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Some have suggested that networks should be "dumb," i.e., focus on best-efforts transport, but I've argued
that optimization requires visibility and control across both network and endpoint resources. This model quantifies these effects, by delineating the performance differences between random path selection,
server-based optimization (sending a user transaction to the server with the best response time), and joint optimization, i.e., selecting a combination of path plus server offering the lowest total latency.
For example, the image below illustrates
a user generating requests which can be serviced from any of 8 combinations (Path 1, Server 1; Path 2, Server 2; ... Path 8, Server 8).
The path latencies are stochastic, as are the server latencies. In this simulation, all latencies are assumed to have a uniform distribution and be independent.
|Basic Flow||First, select the number of options (between 1 and 20, default is 10), using the "More" and "Less" selectors. Each option represents a combination of a path and service node.
Second, select the maximum latency (between 5 and 100 in increments of 5), also using the "More" and "Less" selectors. This is a conceptual quantity, but can be thought of as either milliseconds in a WAN or microseconds in a LAN/SAN or relative percent. For a network- or I/O-bound task, the quantity would be notably higher for network than for server, for a server- or CPU-bound task the quantity would be notably higher for server than for network. In the simplest case, the two are relatively equal and the default value of 100 for both will suffice.
Third, run one or more trials, using the "Run Trials" buttons. The relative results are plotted at the top of the screen, and the statistics are shown on the bottom left. The plot on top refreshes after every 300 trials due to space constraints.
If network latencies are on par with server latencies (e.g., both set to 100), the difference increases as the number of network path options increases. When there is only one option, there is no difference.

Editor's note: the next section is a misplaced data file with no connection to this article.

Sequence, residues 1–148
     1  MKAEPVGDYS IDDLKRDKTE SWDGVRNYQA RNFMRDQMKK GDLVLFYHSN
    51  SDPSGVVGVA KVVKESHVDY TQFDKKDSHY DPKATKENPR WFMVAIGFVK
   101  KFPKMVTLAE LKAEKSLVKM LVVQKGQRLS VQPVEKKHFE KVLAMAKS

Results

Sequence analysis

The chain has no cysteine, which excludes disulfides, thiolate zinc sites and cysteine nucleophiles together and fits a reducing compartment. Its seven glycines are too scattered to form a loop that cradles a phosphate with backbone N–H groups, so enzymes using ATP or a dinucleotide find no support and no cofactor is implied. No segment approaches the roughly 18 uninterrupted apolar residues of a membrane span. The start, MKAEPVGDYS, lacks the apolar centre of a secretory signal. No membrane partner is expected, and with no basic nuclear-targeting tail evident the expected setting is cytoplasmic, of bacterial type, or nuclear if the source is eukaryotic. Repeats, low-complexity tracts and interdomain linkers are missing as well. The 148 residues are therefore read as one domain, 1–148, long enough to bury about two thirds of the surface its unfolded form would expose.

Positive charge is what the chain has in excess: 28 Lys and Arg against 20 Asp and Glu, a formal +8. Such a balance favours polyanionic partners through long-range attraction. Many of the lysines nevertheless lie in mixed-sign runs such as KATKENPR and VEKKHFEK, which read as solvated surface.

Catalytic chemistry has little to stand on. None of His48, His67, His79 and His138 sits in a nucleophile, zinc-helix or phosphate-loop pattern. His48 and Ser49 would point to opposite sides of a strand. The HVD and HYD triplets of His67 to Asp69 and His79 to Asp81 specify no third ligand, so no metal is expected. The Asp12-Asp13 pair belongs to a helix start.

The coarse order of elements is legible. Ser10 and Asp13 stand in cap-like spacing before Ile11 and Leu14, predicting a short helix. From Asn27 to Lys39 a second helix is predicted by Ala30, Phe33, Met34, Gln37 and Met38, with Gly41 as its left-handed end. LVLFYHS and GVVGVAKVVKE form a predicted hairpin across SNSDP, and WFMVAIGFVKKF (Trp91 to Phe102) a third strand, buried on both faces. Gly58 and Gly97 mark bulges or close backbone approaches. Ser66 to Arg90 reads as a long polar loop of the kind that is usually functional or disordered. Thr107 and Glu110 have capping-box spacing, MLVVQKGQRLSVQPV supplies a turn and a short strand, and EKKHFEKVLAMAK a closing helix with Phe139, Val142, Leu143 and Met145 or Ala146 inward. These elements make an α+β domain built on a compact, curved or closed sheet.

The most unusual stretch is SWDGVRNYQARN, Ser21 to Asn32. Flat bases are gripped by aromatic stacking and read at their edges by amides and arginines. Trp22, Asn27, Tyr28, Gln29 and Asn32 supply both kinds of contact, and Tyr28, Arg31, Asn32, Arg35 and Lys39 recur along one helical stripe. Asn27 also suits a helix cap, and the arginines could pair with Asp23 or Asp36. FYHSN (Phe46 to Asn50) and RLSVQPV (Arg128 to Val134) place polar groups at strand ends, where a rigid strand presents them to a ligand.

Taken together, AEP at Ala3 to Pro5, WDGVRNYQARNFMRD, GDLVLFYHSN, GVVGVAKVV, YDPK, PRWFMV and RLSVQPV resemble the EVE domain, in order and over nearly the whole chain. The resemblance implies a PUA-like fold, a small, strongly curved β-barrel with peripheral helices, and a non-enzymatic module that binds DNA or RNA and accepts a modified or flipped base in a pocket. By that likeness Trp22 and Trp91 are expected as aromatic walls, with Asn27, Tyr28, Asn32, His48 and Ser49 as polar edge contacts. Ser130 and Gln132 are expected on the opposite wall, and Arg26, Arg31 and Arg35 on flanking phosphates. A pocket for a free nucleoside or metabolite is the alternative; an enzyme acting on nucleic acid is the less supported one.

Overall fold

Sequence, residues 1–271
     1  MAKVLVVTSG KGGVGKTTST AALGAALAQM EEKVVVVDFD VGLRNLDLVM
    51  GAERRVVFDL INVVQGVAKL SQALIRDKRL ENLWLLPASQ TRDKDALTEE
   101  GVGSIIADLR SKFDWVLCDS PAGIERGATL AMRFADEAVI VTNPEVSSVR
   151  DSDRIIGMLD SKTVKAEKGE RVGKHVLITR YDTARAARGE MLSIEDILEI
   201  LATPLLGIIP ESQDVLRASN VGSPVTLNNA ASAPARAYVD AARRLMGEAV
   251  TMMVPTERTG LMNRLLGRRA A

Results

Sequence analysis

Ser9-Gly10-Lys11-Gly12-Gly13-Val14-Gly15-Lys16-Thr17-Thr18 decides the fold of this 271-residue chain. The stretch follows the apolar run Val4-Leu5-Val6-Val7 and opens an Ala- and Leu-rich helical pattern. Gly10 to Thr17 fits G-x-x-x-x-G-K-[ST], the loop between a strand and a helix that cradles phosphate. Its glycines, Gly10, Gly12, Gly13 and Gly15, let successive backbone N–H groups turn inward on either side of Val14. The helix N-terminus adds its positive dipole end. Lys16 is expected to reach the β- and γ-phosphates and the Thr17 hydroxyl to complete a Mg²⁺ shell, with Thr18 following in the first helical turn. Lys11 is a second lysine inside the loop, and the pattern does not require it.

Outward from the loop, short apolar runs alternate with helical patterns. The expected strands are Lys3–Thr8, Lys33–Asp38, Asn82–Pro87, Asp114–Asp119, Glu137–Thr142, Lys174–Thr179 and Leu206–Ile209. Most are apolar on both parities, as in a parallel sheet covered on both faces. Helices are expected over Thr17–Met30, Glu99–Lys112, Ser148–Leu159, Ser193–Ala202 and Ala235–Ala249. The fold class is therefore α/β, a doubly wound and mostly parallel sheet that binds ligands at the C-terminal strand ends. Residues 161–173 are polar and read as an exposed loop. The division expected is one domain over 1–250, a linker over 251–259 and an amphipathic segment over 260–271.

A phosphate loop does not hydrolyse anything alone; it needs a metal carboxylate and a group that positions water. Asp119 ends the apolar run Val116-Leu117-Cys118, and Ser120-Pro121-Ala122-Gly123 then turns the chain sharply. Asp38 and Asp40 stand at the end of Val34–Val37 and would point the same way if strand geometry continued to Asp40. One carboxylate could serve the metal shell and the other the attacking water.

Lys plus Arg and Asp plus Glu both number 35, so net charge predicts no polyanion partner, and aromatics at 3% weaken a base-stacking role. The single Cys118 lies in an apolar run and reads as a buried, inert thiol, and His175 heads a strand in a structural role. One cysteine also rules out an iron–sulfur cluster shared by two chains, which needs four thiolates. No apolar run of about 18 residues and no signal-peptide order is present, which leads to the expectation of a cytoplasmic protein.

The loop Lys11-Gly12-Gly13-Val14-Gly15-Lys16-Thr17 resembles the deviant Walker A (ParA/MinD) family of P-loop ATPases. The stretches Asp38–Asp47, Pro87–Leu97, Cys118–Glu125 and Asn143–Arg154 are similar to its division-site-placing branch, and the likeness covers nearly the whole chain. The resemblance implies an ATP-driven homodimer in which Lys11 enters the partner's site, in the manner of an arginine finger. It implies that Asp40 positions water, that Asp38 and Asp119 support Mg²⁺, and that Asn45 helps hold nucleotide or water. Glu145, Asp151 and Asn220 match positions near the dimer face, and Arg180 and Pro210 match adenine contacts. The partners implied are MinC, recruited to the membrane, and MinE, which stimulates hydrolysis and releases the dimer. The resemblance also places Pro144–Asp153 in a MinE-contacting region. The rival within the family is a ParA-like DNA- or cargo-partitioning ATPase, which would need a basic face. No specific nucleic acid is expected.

Beginning with the second path option, there is a noticeable improvement by optimizing globally, as these trial results show with 10,000 trials run for every option between 1 and 20.
Assuming that both path and server latencies are set to a max of 100 (and a minimum of 0), a few observations may be made.
Random Selection: a randomly selected combination has an expected latency value of 100, since the expected value of the randomly selected uniformly distributed path latency is 50 and the expected value of the randomly selected uniformly distributed server latency is 50.
Server-Based Selection: basing the decision solely on the server is better than a random selection. However, in the limit, no matter how many path/server combinations are provided, the expected value of the total latency will never get better than the expected value of the randomly selected path latency, i.e., 50. Increasing the number of uniformly distributed server options reduces the expected value of the server latency to zero as the number of options approaches infinity. Specifically, the expected value of the server latency is 100*(1/(m+1)), where m is the number of options, based on the fact that the order statistics of the kth order (in this case, minimum is where k=1) sample value of m uniformly distributed values follows a Beta distribution with parameters alpha=k=1 and beta=m whose expected value simply reduces to 1/(m+1).
Joint Selection: Occasionally, the lowest joint latency will be from a combination that includes the server with the lowest latency, but that is not generally the case. When the server latency is uniformly distributed from 0 to 100 and the path latency is uniformly distributed from 0 to 100 the joint latency follows a symmetric triangular distribution on the interval from 0 to 200. While the order statistics are more complex, it is clear that E(min(x1, x2, ...xn)) where x1=s1+p1 approaches 0 as n approaches infinity.